Following Harvard, More Law Schools Accepting GRE

Harvard Law School Library
Harvard Law School.

UPDATED: September 11, 2017 at 7:28 p.m.

Six months after Harvard Law School announced it would begin to accept the Graduate Record Examination in addition to the traditional Law School Acceptance Test, two other elite law schools have followed suit even as some question whether the two exams are in fact interchangeable.

Harvard was only the second law school in the country to begin accepting the GRE, a test traditionally taken for admission to non-professional graduate school programs. In August, Northwestern and Georgetown’s law schools announced that they would also begin to allow applicants to submit the GRE. All three schools said the move was intended to make the law school application process more accessible to a diverse group of prospective students.

“I’ve heard people chatter about this for some time now. This is sort of emerging as a more visible issue, but it’s been on the table, and I think it takes courage to break herd,” said Peter F. Lake ’81, a professor at Stetson University College of Law who specializes in higher education law. “When someone does it who’s recognized as a peer institution it does incentivize others to say ‘we can do it too.’”

Jessica L. Soban ’02, the Law School’s Associate Dean for Strategic Initiatives and Admissions, said Harvard Law has been in contact with other law schools since announcing the policy change.

“We’ve definitely talked with law schools that have been interested in our approach, and we’ve had conversations with them about that,” she said.

In 2016, Harvard conducted a study to to determine whether the GRE served as a similar predictor of first-year law student success as the LSAT. The American Bar Association, which accredits law schools, currently requires that schools wishing to accept a test besides the LSAT must prove that the alternative test is comparably valid.

But with more schools moving to accept the GRE, the ABA is now considering a policy change that would require the ABA, not individual schools, to certify the validity of an LSAT alternative. At a public hearing in July, the ABA received statements on both sides, with some law school deans urging more flexibility in admissions and the administrators of the LSAT supporting greater ABA oversight.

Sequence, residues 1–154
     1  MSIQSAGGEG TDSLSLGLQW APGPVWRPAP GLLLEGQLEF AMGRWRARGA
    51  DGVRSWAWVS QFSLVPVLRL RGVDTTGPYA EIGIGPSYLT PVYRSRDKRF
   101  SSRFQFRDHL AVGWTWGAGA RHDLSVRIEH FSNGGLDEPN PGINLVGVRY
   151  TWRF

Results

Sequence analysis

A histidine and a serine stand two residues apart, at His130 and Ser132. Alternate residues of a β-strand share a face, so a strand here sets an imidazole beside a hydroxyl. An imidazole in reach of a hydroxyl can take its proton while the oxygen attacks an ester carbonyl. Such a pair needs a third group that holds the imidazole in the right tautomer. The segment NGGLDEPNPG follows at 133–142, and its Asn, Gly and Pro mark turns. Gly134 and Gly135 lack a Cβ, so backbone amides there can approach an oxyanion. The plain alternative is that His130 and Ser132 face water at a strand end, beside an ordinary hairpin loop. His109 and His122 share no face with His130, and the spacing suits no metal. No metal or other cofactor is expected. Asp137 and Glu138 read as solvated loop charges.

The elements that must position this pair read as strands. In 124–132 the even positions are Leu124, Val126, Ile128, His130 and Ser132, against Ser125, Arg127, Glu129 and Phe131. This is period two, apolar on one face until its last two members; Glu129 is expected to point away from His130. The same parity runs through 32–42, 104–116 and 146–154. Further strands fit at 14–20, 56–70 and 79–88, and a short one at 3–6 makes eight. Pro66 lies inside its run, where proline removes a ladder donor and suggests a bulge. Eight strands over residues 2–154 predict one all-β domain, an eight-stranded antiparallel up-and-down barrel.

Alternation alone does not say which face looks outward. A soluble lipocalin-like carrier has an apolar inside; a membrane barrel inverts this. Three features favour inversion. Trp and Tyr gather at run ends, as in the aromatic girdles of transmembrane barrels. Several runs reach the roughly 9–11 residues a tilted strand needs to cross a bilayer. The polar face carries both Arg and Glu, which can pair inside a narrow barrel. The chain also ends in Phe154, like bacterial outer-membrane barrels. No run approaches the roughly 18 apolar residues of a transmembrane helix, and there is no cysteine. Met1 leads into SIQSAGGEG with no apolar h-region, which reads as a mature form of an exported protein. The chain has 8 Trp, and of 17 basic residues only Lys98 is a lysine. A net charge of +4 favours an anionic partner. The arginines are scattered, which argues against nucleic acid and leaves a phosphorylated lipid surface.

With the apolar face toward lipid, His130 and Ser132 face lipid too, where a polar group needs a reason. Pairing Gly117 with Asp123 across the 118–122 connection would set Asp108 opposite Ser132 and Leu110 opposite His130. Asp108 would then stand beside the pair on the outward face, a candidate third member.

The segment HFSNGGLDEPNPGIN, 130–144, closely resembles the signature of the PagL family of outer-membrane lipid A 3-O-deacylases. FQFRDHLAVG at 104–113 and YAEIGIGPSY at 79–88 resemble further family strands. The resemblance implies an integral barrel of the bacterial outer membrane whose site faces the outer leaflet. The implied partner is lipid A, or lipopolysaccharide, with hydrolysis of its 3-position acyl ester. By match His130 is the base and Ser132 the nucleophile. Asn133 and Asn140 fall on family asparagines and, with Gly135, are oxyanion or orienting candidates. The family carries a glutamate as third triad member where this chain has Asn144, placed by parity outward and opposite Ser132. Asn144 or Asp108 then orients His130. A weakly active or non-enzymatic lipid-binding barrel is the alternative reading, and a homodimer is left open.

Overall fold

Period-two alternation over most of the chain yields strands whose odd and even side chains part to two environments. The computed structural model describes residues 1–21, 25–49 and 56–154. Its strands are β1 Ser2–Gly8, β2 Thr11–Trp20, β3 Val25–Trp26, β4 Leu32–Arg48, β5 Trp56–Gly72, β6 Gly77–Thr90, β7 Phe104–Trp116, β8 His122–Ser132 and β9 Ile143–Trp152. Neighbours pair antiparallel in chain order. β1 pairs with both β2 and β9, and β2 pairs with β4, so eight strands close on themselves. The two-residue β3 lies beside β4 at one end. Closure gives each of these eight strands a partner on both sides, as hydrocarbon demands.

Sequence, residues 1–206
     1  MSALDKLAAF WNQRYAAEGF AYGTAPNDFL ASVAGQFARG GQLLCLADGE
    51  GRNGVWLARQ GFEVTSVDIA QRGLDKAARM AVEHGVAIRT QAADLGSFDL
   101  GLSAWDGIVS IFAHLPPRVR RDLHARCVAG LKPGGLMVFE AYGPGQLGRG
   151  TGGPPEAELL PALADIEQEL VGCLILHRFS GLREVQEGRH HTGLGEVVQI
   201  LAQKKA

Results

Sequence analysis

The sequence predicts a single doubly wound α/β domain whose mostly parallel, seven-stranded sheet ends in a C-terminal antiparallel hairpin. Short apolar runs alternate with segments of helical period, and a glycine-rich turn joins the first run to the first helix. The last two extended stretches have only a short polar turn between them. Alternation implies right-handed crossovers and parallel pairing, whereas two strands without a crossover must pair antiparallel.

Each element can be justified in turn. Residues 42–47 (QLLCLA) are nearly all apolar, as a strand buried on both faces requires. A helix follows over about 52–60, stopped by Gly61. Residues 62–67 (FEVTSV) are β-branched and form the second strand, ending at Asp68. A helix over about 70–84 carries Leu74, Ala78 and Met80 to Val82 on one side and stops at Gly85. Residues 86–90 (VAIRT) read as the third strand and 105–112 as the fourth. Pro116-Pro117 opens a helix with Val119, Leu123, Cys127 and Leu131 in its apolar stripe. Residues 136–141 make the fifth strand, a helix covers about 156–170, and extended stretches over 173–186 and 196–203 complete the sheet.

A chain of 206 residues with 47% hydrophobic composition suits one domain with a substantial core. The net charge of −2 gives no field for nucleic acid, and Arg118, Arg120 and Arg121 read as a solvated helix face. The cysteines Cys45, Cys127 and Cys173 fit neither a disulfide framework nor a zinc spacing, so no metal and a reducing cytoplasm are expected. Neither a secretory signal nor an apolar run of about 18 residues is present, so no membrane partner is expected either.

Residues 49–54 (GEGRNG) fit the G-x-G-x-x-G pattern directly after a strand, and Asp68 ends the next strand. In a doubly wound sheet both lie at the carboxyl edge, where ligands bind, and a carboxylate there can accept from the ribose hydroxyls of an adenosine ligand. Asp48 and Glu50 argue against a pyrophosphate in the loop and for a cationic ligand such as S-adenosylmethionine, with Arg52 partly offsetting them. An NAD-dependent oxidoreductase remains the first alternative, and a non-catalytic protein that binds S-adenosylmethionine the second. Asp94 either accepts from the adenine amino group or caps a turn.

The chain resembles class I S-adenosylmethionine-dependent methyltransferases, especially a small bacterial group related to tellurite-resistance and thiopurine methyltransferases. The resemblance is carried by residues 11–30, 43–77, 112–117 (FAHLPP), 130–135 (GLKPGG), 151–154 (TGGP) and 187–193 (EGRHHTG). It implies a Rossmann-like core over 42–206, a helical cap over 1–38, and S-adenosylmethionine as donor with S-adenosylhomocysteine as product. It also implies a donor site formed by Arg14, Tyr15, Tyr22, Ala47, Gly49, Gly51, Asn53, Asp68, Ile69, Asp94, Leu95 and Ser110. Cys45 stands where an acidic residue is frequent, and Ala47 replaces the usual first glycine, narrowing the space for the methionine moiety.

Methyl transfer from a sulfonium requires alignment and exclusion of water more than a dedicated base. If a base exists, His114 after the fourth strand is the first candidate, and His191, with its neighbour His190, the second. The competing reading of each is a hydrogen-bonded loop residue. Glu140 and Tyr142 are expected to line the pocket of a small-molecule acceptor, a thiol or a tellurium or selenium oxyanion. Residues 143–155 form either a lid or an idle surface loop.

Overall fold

In the meantime, Lake said, for some schools, the GRE’s potential to predict bar exam scores will also be a major factor in choosing whether or not to adopt these testing policies.

“I think people will be looking at that to see if the GRE is equally predictive of bar examination success as the LSAT,” Lake said. “I know people are looking for the magic bullet of improving the number of applicants and the quality of applicants, but they’re also looking for licensing outcomes.”

Beyond the GRE, the Law School has in recent years taken steps to increase its applicant pool in the face of declining law school applications nationwide, including expanding its Junior Deferral Program to all schools and conducting interviews via Skype.

—Staff writer Jamie D. Halper can be reached at jamie.halper@thecrimson.com. Follow her on Twitter @jamiedhalper.

This article has been revised to reflect the following corrections:

CORRECTION: September 11, 2017

A previous version of this article indicated that Harvard Law School consulted with the University of Arizona before announcing they would accept the GRE. In fact, the consultations took place after the announcement.

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